What makes her case noteworthy and tragic is the fact that there were dozens of people who either witnessed the murder or heard it occuring, and yet nobody took the initiative to save her or even call the police. In both cases we see a parallel behavioral trait emerging. In situations where there is a clear goal which requires a active commitment, a persons' willingness to engage is negatively impacted by the size of the crowd present. This is a important effect that designers of online games must take into consideration when crafting both collaborative and competitive scenarios. This may be one of the reasons why random matchmaking is so effective at spurring competition. By limiting the scope of competitors any one player will encounter in a play session, the concept of winning becomes psychologically acceptable.
Collaboration is a much trickier system to balance, but the basic principle still holds true. Smaller teams tend to be far better at organizing to the task at hand than larger ones. This would suggest that systems which allow for high levels of stratification in leadership would be the most successful at promoting collaborative play. The trick comes in the assignment and enforcment of tasks, something which often is a stumbling block for many systems. For instance, Planetside utilizes a highly stratified leadership structure with player groups consisting of squads, platoons, outfits, and armies in order of ascending permenance and scope. Often however, there is a serious lack of organization and discipline within these rather stratified systems because there is very little by way of carrots and sticks to encourage unit cohesion. A top level "general" can demand focus be given to a certain region until they're blue in the face, but without any adequate method of incentivizing that focus, their orders come across far more as a suggestion than a imperitive.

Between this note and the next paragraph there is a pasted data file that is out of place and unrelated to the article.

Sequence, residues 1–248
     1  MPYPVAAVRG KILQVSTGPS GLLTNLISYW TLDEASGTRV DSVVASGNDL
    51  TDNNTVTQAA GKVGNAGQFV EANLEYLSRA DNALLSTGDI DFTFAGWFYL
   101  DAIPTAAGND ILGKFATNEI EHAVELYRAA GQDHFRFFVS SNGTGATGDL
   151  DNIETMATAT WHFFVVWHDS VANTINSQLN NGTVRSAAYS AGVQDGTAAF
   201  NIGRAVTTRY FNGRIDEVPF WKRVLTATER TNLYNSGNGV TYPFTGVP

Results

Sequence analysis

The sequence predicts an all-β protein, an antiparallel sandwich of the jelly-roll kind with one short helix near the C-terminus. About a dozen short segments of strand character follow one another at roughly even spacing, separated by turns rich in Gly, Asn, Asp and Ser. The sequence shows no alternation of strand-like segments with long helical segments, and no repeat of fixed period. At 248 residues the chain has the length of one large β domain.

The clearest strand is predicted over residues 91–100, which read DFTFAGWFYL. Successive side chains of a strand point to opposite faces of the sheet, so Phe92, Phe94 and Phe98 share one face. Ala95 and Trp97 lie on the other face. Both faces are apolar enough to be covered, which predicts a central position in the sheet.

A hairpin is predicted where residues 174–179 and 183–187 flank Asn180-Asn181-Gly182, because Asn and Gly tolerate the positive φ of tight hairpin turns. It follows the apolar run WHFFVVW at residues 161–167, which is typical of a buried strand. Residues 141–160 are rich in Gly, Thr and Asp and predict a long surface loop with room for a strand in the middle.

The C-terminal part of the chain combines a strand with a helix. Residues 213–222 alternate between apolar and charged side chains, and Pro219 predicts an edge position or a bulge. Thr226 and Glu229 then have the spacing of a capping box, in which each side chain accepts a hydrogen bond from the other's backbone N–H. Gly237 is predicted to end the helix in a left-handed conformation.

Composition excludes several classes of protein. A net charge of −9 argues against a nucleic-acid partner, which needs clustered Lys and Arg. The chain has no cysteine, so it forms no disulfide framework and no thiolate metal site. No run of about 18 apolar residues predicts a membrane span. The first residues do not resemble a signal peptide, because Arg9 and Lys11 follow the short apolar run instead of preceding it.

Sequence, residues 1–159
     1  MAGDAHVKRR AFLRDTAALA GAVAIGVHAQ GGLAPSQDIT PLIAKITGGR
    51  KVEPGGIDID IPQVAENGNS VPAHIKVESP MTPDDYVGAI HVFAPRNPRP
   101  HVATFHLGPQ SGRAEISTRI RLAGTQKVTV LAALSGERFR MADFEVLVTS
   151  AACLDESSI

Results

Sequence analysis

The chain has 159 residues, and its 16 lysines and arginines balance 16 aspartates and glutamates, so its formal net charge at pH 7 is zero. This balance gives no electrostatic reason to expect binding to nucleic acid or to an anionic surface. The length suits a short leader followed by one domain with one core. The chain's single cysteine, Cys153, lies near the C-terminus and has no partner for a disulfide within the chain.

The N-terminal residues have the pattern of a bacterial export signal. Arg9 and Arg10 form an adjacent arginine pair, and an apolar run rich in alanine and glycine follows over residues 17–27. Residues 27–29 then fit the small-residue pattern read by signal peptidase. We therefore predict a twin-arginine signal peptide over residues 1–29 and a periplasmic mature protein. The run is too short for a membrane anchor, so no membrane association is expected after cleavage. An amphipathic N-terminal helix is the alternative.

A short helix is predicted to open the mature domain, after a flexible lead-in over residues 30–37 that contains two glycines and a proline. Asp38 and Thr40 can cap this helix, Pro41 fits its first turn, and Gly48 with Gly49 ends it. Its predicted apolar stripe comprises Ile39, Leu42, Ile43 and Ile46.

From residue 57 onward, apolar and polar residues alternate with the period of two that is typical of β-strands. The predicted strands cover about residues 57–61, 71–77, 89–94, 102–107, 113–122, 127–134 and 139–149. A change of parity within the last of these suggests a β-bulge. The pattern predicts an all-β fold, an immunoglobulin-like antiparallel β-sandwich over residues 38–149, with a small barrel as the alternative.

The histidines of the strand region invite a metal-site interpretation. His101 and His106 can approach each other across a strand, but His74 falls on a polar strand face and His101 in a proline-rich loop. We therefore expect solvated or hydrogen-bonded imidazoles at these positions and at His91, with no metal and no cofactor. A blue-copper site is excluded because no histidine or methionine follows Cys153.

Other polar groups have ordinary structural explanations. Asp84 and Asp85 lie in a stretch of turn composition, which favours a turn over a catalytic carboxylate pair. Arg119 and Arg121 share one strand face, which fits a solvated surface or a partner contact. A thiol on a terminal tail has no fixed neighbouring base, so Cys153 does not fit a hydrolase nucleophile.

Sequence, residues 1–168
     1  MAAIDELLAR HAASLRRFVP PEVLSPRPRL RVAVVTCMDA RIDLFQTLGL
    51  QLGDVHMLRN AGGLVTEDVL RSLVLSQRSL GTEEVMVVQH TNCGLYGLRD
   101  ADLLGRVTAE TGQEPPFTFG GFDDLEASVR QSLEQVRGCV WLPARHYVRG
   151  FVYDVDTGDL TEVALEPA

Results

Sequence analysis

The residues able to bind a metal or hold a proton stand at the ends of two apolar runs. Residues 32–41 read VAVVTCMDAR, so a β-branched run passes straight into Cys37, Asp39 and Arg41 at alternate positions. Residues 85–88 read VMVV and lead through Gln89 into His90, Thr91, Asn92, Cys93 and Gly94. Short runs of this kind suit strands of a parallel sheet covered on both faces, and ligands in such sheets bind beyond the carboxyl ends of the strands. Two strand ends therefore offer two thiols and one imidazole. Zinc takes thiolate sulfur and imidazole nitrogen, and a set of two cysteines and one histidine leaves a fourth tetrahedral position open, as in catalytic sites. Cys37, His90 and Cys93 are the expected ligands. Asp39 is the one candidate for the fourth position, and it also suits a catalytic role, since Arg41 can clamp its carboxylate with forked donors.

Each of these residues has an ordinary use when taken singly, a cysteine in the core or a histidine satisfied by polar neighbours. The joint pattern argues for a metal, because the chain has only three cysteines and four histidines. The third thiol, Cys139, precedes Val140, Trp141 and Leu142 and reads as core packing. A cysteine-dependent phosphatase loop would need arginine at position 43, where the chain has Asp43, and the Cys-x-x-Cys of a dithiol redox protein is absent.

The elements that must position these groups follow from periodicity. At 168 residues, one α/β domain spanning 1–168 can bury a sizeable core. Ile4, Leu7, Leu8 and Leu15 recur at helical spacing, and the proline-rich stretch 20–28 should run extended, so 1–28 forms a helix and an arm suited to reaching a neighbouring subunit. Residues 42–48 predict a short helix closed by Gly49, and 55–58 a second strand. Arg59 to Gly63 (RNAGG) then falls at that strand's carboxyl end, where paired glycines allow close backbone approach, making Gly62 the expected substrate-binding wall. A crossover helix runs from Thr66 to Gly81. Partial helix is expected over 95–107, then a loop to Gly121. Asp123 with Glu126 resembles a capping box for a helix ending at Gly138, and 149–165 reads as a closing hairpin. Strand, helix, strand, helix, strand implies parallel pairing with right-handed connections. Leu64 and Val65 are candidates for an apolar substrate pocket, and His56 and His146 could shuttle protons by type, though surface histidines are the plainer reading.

Another factor worth considering is the perceived cost of acting. In most online games this cost is time. If a player perceives a activity with a high desirability but a large time commitment, and another activity with a moderate or low desirability but with little or no time commitment, a large portion will inevitably go with the latter option. From a competitive side, this is one of the big drawbacks to random matchmaking, as it requires all the participants to wait long enough for a match to fill enough slots to be worthwhile. From a collaborative end, it means that when given a choice regarding several available collaborative tasks that will help the team, the trend will be for players to choose the action with the least time cost, even if it is detrimental to a teams' overall chances of success. In the case of Planetside, there very well may be incentives in place, but if it is not immediately and inutitively accesible to the commanding players in a way that encourages its use, then inevitably those palyers will take the route which requires less time and simply rage on the chat channel.
So what are the lessons here?
- Keep group sizes small to keep competiton and collaboration fresh and personal
- Create stratified levels of leadership to prevent task overload for any one player or role
- Be mindful of the impact of large groups and how they can effect competition and collaboration
- Ensure that the cost of actions, be it real or perceived is balanced in a way that promotes the kind of behavior that is desired.
- Create leadership functions which allow for painless task assignment and role enforcement
Ok, enough with my ramblings. Back to building characters in Flash!